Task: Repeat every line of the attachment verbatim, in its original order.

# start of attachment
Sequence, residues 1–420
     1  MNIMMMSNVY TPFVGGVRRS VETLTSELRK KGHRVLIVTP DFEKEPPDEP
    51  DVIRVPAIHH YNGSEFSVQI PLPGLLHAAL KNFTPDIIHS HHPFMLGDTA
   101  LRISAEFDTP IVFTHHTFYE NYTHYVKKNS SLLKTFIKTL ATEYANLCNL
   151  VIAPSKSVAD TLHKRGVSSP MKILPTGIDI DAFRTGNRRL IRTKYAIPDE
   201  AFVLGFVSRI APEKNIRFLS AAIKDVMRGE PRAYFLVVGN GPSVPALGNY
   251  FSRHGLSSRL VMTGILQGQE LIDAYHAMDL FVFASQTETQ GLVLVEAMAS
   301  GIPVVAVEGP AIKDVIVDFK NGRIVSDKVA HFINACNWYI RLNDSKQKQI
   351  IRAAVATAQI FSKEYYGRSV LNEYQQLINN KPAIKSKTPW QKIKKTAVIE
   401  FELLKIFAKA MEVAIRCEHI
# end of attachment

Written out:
Sequence, residues 1–420
     1  MNIMMMSNVY TPFVGGVRRS VETLTSELRK KGHRVLIVTP DFEKEPPDEP
    51  DVIRVPAIHH YNGSEFSVQI PLPGLLHAAL KNFTPDIIHS HHPFMLGDTA
   101  LRISAEFDTP IVFTHHTFYE NYTHYVKKNS SLLKTFIKTL ATEYANLCNL
   151  VIAPSKSVAD TLHKRGVSSP MKILPTGIDI DAFRTGNRRL IRTKYAIPDE
   201  AFVLGFVSRI APEKNIRFLS AAIKDVMRGE PRAYFLVVGN GPSVPALGNY
   251  FSRHGLSSRL VMTGILQGQE LIDAYHAMDL FVFASQTETQ GLVLVEAMAS
   301  GIPVVAVEGP AIKDVIVDFK NGRIVSDKVA HFINACNWYI RLNDSKQKQI
   351  IRAAVATAQI FSKEYYGRSV LNEYQQLINN KPAIKSKTPW QKIKKTAVIE
   401  FELLKIFAKA MEVAIRCEHI